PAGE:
Category Archives: Poetry

WWII British Soldiers Successfully Deployed God and Sugar to Defeat Nazi Disinformation

It’s really a footnote to stories about Nazi Germany losing the war in 1942, yet refusing for years to quit… by brainwashing their youth into suicide missions.

Basically the Nazi children (Hitler jugend) were indoctrinated with fear and hate. Then they were forced into the unjust war their fathers already had lost, told they would be killed if they refused or surrendered.

A British soldier recounts what that looked like:

Sandy also spoke about encountering Germany’s child soldiers. He explained: “The other thing that we experienced at that time were the soldiers – German soldiers. They were 12 and 14-year-olds because everyone else was up on the Russian front. Some of them used to start crying because again they had been told that they would not be taken prisoner, that they would be killed.”

The tactics used then were oriented around establishing trust through two methods. British soldiers began feeding both a hunger for foundation/faith and for food:

“Women and kids were down in the air raid shelters. Hitler had already indoctrinated them and told them they would never be taken prisoner – that British troops would kill them. They wouldn’t come out of the air raid shelters. We used to shout down but they still wouldn’t come out.” However, their breakthrough came when the unit’s Roman Catholic padre, a Fr Costello who could speak several languages, persuaded the children and their mothers into the open. “You put a bar of chocolate in their hands and it alters the whole war – as far as the children are concerned,” he said.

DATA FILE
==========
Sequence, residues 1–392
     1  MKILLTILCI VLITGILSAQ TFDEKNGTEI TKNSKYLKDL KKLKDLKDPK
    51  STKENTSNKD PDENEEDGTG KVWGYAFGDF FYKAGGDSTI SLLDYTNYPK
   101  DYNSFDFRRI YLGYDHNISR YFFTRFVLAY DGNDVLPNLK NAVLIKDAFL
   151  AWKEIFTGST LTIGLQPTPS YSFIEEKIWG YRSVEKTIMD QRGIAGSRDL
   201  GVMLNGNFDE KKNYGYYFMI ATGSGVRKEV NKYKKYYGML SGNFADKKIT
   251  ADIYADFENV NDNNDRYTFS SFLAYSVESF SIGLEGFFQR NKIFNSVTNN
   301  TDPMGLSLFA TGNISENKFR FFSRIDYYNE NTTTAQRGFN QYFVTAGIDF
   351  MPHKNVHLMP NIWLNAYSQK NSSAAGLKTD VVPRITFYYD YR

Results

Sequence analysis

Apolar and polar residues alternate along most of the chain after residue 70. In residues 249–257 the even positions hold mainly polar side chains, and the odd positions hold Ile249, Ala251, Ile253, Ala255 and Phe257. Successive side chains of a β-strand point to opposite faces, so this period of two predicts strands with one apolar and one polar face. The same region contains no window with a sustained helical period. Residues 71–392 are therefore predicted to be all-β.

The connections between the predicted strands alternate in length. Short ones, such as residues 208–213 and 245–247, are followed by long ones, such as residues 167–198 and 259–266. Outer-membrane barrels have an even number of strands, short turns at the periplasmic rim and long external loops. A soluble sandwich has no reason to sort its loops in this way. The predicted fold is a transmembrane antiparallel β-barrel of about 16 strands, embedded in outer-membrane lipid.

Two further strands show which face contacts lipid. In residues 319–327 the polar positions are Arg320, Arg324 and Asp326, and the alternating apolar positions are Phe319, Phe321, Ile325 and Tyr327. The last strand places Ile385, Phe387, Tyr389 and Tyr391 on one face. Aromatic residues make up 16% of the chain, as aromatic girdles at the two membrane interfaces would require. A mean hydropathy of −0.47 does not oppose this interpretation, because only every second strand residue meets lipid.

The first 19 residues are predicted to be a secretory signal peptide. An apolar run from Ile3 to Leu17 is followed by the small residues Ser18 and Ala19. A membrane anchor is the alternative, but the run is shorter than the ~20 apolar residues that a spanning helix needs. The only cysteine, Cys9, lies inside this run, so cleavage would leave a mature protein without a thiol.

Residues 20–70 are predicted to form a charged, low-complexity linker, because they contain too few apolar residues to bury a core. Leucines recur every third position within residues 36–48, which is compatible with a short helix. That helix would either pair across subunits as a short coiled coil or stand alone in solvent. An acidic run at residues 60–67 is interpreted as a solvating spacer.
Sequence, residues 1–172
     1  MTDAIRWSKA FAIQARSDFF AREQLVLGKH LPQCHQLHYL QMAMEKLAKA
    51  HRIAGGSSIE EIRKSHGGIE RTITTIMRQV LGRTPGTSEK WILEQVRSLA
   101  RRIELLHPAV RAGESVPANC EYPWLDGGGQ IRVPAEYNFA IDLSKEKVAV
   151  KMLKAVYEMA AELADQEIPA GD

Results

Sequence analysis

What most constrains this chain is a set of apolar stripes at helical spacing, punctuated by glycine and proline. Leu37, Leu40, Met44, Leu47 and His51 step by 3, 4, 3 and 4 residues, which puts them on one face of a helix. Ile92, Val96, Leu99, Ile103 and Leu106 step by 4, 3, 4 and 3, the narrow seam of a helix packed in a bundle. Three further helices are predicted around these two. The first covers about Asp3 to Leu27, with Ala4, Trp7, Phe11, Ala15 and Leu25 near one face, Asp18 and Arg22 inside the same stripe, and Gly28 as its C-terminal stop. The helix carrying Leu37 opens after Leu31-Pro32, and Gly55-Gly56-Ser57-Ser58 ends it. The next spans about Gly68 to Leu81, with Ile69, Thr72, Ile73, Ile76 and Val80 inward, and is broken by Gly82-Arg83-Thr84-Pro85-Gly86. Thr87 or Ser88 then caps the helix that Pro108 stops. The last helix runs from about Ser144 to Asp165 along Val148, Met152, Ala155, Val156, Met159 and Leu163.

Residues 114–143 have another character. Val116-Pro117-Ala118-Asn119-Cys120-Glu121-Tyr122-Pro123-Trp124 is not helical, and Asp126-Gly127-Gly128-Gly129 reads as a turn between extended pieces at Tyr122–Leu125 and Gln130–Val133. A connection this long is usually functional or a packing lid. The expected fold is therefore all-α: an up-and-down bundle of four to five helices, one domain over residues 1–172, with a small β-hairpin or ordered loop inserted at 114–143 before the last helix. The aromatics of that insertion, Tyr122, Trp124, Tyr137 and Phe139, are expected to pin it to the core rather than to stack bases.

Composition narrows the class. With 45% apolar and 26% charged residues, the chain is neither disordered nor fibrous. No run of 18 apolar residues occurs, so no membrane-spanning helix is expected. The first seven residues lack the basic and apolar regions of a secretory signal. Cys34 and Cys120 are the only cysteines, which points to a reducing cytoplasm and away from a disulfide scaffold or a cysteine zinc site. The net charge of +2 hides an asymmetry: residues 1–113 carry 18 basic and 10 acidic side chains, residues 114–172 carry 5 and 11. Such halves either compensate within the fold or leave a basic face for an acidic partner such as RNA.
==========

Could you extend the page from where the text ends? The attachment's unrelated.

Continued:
As William Wordsworth wrote in his poem The Rainbow “the Child is Father of the Man”.

Kanye West Won a Grammy in 2006 With Anti-Semitism. Are You Really Surprised at Him Today?

Seems to me some obvious hate propaganda methods (even “fighting words“) were being overlooked as they came from an American artist.

I mean there’s art to shock or express distaste, and then there’s… targeted hate as intention.

“Out of political and historical responsibility, I would check whether something in this exhibition violates human rights, whether something offends Jews or other minorities,” [Wolfgang Benz, the former director of the Center for Research on Antisemitism (ZfA) at the Technical University of Berlin] told the Tagespiegel daily newspaper. “Artistic freedom ends,” he added, when an artwork violates those considerations.

Kanye seems more obvious to me, perhaps, than even controversial lines by the provocative Public Enemy song “Welcome to the Terrordome”.

Crucifixion ain’t no fiction
So called chosen frozen

My first exposure to that prose was actually from Pakistani and Egyptian kids in early 1990 gleefully chanting them as they blasted it from cheap boom boxes.